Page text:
{9} Whether a valid contract to arbitrate exists is a question of state contract law. First Options of Chicago, Inc., 514 U.S. at 944-45, 115 S.Ct. 1920; Perry v. Thomas, 482 U.S. 483, 492 n. 9, 107 S.Ct. 2520, 96 L.Ed.2d 426 (1987); Avedon Eng’g, Inc., 126 F.3d at 1286-87; Armijo v. Prudential Ins. Co. of Am., 72 F.3d 793, 797 (10th Cir.1995). States may not subject an arbitration agreement to requirements that are more stringent than those governing the formation of other contracts. Doctor’s Assocs., 517 U.S. at 687, 116 S.Ct. 1652. For a contract to be legally valid and enforceable, it must be factually supported by an offer, an acceptance, consideration, and mutual assent. Garcia v. Middle Rio Grande Conservancy Dist., 1996-NMSC-029, ¶ 9, 121 N.M. 728, 918 P.2d 7 (internal quotation marks and citation omitted); Hartbarger v. Frank Paxton Co., 115 N.M. 665, 669, 857 P.2d 776, 780 (1993); UJI 13-801 NMRA 2003 (defining contract). “The general rule in contract actions is that the burden of proof is on the party seeking to prove the existence of a fact.” Newcum v. Lawson, 101 N.M. 448, 454, 684 P.2d 534, 540 (Ct.App.1984); Camino Real Mobile Home Park P’ship v. Wolfe, 119 N.M. 436, 442, 891 P.2d 1190, 1196 (1995).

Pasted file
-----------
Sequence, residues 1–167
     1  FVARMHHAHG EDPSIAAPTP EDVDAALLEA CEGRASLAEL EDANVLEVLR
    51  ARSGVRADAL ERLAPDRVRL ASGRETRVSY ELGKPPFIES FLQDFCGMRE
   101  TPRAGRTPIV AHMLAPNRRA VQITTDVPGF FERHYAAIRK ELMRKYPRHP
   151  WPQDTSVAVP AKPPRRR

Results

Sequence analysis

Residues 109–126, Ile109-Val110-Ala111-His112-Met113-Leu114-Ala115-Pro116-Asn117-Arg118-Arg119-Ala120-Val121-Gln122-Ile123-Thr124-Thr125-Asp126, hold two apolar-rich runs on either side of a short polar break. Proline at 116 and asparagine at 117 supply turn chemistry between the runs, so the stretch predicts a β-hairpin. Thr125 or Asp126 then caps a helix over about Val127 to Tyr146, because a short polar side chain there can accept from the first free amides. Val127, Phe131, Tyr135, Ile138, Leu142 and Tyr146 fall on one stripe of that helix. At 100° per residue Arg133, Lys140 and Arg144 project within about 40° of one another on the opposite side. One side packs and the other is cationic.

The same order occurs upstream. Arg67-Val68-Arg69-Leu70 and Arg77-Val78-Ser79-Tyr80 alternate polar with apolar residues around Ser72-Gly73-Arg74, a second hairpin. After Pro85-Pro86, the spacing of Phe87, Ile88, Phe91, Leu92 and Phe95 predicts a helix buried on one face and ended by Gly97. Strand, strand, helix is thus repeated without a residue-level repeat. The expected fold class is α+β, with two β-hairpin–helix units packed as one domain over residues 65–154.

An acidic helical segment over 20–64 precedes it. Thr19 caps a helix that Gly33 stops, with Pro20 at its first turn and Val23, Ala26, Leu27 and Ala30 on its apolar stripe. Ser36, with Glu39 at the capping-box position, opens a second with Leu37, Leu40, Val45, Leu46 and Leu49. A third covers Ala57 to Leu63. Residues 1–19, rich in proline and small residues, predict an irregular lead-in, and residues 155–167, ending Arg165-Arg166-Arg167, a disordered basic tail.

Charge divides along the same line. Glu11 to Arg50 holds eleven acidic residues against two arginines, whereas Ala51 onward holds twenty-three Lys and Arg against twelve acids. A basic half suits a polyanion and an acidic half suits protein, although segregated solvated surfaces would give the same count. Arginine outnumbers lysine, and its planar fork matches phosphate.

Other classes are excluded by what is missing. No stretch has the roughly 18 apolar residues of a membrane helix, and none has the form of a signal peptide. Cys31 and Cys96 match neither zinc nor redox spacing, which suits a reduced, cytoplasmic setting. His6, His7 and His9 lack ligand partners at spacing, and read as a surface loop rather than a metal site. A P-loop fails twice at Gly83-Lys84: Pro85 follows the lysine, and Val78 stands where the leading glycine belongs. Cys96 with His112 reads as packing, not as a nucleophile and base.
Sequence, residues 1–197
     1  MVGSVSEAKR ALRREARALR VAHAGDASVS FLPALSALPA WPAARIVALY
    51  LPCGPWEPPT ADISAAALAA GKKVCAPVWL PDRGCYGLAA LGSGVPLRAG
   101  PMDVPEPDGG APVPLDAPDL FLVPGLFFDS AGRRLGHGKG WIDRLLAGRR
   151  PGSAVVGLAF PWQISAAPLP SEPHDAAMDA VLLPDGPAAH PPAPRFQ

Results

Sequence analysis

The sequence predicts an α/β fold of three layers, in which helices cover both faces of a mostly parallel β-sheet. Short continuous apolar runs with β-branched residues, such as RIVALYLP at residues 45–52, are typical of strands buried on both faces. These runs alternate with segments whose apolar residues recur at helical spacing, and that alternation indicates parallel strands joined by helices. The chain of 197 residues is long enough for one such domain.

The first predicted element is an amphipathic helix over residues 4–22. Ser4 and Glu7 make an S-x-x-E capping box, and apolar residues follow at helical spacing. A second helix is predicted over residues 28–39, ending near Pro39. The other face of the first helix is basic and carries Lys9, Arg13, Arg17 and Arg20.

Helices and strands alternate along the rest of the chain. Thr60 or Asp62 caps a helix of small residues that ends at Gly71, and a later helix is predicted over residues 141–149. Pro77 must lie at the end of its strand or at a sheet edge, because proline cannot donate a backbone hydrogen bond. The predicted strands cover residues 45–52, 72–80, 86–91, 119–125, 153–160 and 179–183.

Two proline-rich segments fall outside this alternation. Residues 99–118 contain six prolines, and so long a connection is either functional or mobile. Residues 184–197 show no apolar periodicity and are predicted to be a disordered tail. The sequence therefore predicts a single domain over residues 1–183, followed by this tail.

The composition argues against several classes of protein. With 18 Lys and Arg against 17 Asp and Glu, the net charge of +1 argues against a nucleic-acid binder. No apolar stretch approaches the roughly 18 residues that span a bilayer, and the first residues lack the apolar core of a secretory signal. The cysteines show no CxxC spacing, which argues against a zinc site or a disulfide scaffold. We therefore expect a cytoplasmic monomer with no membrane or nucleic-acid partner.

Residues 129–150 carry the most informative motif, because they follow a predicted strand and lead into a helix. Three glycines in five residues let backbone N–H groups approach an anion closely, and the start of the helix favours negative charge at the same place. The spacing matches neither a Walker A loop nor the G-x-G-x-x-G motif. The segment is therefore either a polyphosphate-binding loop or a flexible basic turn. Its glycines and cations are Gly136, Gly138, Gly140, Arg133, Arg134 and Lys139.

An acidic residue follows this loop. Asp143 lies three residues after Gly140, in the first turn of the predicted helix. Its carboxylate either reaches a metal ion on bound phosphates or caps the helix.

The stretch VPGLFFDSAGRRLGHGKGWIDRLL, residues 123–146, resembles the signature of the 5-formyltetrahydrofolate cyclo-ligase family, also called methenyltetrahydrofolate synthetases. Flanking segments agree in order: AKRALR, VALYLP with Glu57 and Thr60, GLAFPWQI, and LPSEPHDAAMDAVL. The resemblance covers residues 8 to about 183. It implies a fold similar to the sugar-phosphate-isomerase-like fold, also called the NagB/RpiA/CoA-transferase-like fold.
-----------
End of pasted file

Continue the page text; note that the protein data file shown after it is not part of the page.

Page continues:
*635{10} DeArmond contends that Halliburton has not proven the existence of a valid, enforceable agreement to arbitrate. Specifically, he argues that three elements essential to a contract are missing: acceptance, consideration, and mutual assent. We agree that there is an absence of proof of acceptance and mutuality; we therefore need not address DeArmond’s arguments concerning consideration.

1. Acceptance